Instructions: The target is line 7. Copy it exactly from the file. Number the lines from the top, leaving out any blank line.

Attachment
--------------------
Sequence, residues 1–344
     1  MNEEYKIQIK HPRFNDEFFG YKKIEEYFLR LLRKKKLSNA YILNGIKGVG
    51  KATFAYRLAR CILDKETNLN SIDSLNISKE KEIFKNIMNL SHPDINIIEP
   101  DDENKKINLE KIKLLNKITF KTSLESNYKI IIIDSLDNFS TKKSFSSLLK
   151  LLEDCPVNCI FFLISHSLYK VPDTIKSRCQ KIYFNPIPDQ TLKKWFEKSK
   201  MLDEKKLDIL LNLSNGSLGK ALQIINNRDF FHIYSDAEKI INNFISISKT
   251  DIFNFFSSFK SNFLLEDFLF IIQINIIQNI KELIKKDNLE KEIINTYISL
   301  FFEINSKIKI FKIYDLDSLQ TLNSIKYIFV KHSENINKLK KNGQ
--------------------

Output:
   251  DIFNFFSSFK SNFLLEDFLF IIQINIIQNI KELIKKDNLE KEIINTYISL